But it is the connection of the Supper with the “forgiveness of sins” that has really shaped Lutheran Eucharistic piety in the last two centuries. Since the Lord’s Supper is an “application of the forgiveness of sins,” the church took seriously its responsibility to examine, instruct, and discriminate with regard to who can come to the table. The supper became a solemn event, for which church members were counseled to consider their sinfulness and unworthiness before God through private confessional examination for those.
Infrequent reception (most often quarterly)—due to a host of factors—heightened the special nature of this observance, which often had little celebratory tone to it. Communicants filed up to the altar by “tables” to receive a wafer and a small—usually pre-filled—individual glass of wine. As a historical aside, these individual cups were first proposed in 1888 and used at a Protestant Communion service in 1893 out of a concern for public hygiene. The Lutheran Ministerium of Pennsylvania and faculty at the Lutheran Theological Seminary at Philadelphia opposed this “innovation” but the use of these cups soon became commonplace in many Lutheran congregations. Following the proper preface and sanctus, the words of institution stood alone in The Common Service (used until 1958) apart from any longer prayer of thanksgiving—emphasizing that this was a pure proclamation by which God addressed the promise of forgiveness to the Christian.
Many changes were introduced into Lutheran Eucharistic practice through the publication in 1978 of The Lutheran Book of Worship (preceded by the Service Book and Hymnal of 1958) and the adoption of a “Joint Statement on Communion Practices” by the American Lutheran Church and the Lutheran Church in America, which were strongly influenced by the liturgical renewal movement that had become widespread by that time.
Both the LBW and the Joint Statement assume weekly communion as a normative practice for Lutherans as stated in our own confessional symbols—which was not the case with the previous worship resources.
The more recent (1997) ELCA Statement on Sacramental Practices, “The Use of the Means of Grace” reaffirms weekly communion as a normative Lutheran practice. Currently, 46% of ELCA congregations celebrate the sacrament weekly (up from 16% in 1989!). Nearly as many congregations celebrate it more than once a month (once a month plus festivals, twice a month, etc). Only 5% offer it monthly or less.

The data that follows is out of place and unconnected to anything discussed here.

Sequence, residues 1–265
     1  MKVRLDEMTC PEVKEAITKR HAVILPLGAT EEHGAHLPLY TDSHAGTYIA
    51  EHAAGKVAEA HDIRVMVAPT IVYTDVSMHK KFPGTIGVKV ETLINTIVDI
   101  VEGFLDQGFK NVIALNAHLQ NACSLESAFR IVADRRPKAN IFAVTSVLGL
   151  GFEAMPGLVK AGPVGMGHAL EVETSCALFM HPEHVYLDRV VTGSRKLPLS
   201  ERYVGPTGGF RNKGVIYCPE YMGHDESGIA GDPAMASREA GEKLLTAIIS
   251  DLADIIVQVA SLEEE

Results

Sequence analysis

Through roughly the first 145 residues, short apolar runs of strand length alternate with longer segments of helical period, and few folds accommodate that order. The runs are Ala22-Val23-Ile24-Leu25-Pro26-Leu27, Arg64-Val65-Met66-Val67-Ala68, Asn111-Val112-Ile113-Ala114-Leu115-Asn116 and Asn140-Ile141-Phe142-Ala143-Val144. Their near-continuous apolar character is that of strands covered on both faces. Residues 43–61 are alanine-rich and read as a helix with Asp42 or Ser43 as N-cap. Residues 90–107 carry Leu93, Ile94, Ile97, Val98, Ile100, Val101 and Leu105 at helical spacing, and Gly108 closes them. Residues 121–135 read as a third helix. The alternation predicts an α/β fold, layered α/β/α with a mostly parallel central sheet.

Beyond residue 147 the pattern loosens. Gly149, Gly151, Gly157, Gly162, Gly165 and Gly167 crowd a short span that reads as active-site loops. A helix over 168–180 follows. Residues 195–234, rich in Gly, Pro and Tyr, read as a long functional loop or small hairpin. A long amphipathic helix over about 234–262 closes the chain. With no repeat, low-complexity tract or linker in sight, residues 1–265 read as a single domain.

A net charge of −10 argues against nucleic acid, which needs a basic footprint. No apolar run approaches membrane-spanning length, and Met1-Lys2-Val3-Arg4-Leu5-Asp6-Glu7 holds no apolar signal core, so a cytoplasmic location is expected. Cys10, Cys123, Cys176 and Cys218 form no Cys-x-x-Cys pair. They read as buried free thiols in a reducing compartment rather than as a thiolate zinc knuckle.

In 1969, a report was adopted by a majority of congregations now in the ELCA which separated the rite of confirmation and reception of Holy Communion and began inviting children to receive their first communion in fifth grade. Since that time, a number of congregations have continued to lower the age of communion, especially for school age children, but in some cases, even infants. The “Use of the Means of Grace” along with more recent worship resources, including Evangelical Lutheran Worship (2006) assumes the unity of word and sacrament in the service and discourages congregations from “tacking on” a communion service at the end as sometimes was done in the past.
These also recommend the retrieval of a full Eucharistic prayer which includes the “proclamation of the words of institution” (though it should be noted that the Service Book and Hymnal was the first to introduce a Eucharistic Prayer as an alternative to the bare verba). The new worship resource, Evangelical Lutheran Worship, has continued this pattern, offering now ten (instead of three!) Eucharistic prayers which follow a Trinitarian pattern (thanks to the Father, words of institution, prayer for the Holy Spirit) but also continuing the practice of allowing for the option of the bare verba (the words of institution by themselves). It is not known how many congregations continue to use this option, but those who do believe they are safeguarding the meaning of these words as “pure proclamation” to the assembly.
Other Recent Changes in Lutheran Eucharistic Practice and Piety
Other significant changes in Lutheran Eucharistic practice include a strong accent on communal celebration (including more frequent use of the common cup), the sense of the altar as a table in our midst, the character of the sacrament as a meal, more prayer for the hungry world, a stronger emphasis on the eucharist leading to mission, more use of the posture of standing rather than the posture for kneeling for communion, and a certain diminution of the accent on sin and forgiveness. The focus on the assurance of forgiveness has not been replaced, but today the Lutheran understanding of the Eucharist is being broadened to include other aspects which have not been as strongly emphasized in our tradition: reconciliation, communion-fellowship (horizontal as well as vertical), and participation in Christ’s life.